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Buying Door Knobs – Things you need to know

March 23, 2014

Brass Door Knobs Beehive and Bloxwich
written by Vicki Bale

 

Brass Door Knobs Beehive and Bloxwich

Brass Door Knobs Beehive and Bloxwich

BUYING DOOR KNOBS – THINGS YOU NEED TO KNOW

Door knobs sound like a straightforward item to purchase, but there are some pitfalls and things you need to know and consider before buying. Read on!

What you get

Door knobs that are designed to turn are sold in pairs with a connecting spindle, normally with the screw fixings required to attach them to the face of the door.

The Latch or Lock Mechanism

For your knobs to turn they will need a lock or latch mechanism. These should be purchased separately to suit the door knobs, or you may already have these in your doors. There are two types of mechanism. Most common is a mortise lock or latch, which is set into the edge of the door. The other traditional option is a rim lock or latch, which is a surface mounted box, these are often decorative.

Rim Knobs or Mortise Knobs

If you have a mortise type latch/lock, then all our door knobs will fit.  If you have a rim latch/lock, only selected rim knobs will suit. The functionality is indicated in the product description on our website. Rim knobs require loose backplates, as normally only one backplate is used on the non rim lock side of the door. Mortise only door knobs have backplates which are fixed to the door knob part and are generally attached to the door face using fixing screws.

Setback of Latch/Lock

Door knobs require a deeper setback than door handles. The setback is the distance from the edge of the door to the centre of the hole in the latch/lock which the interconnecting spindle passes through. You must ensure you have enough space to fit 50% of the knob diameter plus finger room, when the door is closed into the rebate. Tight spacing is a problem which must be avoided (apart from damaged fingers) it is a sign of shoddy building work. If you are buying a new lock/latch this should be easy to get right. If you have existing spindle holes, you can cut a paper template of the door knob diameter, stick it on your door and check the spacing. Door handles require less setback and so it is normally not possible to replace door handles with door knobs without a change to the mechanism and all that this entails.

Spindles

The spindle bar goes into the back of one door knob, through the mechanism and into the back of the other one. Spindles can vary in their design, especially for rim knobs. Modern (post metric) spindles are a standard 8mm square section bar and this is what fits through standard locks and latches. Old latches/locks may have an imperial spindle size. This can be a problem as the metric standard is very slightly larger and the spindle is too fat to fit through the hole. The simple way around this (which saves replacing all the old mechanisms) is to file around the spindle hole in the latch/lock until it fits. We often meet this problem and this is the easiest and best solution. Imperial/ metric sizing is an issue if you are buying reclaimed door knobs, as spindles and holes in the back of knobs will not fit modern metric fittings.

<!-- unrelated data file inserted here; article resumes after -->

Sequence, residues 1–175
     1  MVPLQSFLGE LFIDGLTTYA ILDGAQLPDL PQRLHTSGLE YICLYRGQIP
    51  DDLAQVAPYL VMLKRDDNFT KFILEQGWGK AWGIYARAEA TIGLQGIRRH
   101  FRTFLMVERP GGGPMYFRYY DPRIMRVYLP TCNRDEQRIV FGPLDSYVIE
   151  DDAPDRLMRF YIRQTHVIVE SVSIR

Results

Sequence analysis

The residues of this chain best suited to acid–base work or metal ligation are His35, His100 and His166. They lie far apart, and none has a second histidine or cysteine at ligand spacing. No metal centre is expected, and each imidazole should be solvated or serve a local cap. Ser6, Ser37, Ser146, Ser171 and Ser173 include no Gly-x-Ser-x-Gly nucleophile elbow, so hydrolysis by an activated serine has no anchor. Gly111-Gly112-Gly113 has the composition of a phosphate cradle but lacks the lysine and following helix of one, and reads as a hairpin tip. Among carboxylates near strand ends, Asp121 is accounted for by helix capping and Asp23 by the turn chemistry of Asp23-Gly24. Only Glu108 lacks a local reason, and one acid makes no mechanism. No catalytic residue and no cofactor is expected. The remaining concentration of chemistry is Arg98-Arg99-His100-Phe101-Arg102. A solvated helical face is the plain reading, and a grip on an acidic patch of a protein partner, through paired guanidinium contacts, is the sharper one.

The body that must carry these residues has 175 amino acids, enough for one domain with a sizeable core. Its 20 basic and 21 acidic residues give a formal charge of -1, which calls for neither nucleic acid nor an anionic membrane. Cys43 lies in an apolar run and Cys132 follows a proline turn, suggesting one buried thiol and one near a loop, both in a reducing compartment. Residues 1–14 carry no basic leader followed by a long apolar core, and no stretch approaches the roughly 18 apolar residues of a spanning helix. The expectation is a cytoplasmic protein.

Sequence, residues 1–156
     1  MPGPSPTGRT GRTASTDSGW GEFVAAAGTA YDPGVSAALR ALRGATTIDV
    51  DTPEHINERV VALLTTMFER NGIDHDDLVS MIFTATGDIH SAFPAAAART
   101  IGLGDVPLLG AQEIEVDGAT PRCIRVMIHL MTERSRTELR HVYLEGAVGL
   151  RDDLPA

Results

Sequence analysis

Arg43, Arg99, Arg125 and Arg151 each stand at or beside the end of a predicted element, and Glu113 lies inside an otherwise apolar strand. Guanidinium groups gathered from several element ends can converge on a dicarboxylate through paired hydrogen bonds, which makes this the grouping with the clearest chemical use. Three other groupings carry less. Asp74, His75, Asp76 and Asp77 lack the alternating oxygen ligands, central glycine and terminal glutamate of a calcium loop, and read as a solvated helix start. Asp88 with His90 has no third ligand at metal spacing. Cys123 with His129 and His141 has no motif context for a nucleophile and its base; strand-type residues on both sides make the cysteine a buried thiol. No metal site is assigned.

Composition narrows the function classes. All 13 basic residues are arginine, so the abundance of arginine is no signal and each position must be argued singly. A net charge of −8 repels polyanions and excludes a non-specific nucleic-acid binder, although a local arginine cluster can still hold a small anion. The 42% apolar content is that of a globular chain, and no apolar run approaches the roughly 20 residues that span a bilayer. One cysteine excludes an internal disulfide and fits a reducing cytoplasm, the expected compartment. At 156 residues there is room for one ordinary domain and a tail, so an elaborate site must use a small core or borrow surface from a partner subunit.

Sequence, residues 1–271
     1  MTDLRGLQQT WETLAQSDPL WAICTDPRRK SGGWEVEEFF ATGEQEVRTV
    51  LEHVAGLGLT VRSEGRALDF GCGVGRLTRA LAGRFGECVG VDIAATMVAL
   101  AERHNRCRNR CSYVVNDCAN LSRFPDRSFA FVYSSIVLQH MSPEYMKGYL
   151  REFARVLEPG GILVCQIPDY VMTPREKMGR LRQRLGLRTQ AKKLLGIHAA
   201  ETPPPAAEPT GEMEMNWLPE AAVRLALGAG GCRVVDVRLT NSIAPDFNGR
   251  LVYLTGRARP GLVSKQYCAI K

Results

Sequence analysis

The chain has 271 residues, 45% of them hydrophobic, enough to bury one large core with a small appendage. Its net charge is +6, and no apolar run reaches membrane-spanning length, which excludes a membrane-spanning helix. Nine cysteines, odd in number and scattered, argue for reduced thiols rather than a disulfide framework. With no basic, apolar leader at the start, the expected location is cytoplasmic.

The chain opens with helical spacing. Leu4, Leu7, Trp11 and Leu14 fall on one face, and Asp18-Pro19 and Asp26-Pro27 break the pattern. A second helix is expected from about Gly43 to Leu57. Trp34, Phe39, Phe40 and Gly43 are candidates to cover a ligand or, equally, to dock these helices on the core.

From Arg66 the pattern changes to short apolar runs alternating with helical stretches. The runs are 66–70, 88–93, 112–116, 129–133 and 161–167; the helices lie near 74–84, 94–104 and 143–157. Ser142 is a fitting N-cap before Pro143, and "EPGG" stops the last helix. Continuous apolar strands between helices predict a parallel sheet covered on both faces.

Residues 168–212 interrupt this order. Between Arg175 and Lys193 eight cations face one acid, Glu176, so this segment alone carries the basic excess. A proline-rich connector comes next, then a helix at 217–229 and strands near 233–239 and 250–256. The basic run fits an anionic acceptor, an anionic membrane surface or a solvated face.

Sprung/Unsprung Door Knobs

Inside the latch mechanism is a spring which door knobs rely on to return them after turning. Some modern door knobs have a spring in the backplate of the knob itself, these are called sprung door knobs. Ours all rely on the spring in the latch doing the work and are unsprung. The spring in latch must therefore be heavy duty. Cheap latches from DIY sheds will not be man enough for the job unless they are labelled Heavy Duty.

Door Knob Size

In our range we have pairs of door knobs between 42 and 75mm in diameter. On a modern standard door (1980 x 760mm) a 50mm diameter knob is normally about right. Large internal and external doors can take a larger diameter, up to 75mm.  The size which is right for your door depends upon the size of the door and how much presence you want the knob to have.  We recommend making a paper template to help determine this. If you are not sure, you can purchase samples. Click this link to go to  another post “How to select the right size door knobs”

Period Style

We have styles in the range from all periods in time. You need to think about whether you are trying to keep your house in period, or perhaps you want to go for the ones you like best. If you have a Georgian property, consider Bloxwich and Octagonal styles. For Victorian, the beehive would be the most traditional. Edwardian, look to the Classic Oval and Classic round and any wooden door knobs. We also have a wonderful collection of Art Deco door furniture. You may want to consider the same door knobs throughout your house, but do not be afraid to have one style downstairs and another up. This would have been very common, as downstairs doors would often be larger and would be where visitors would see and use the door knobs.

Material and Finish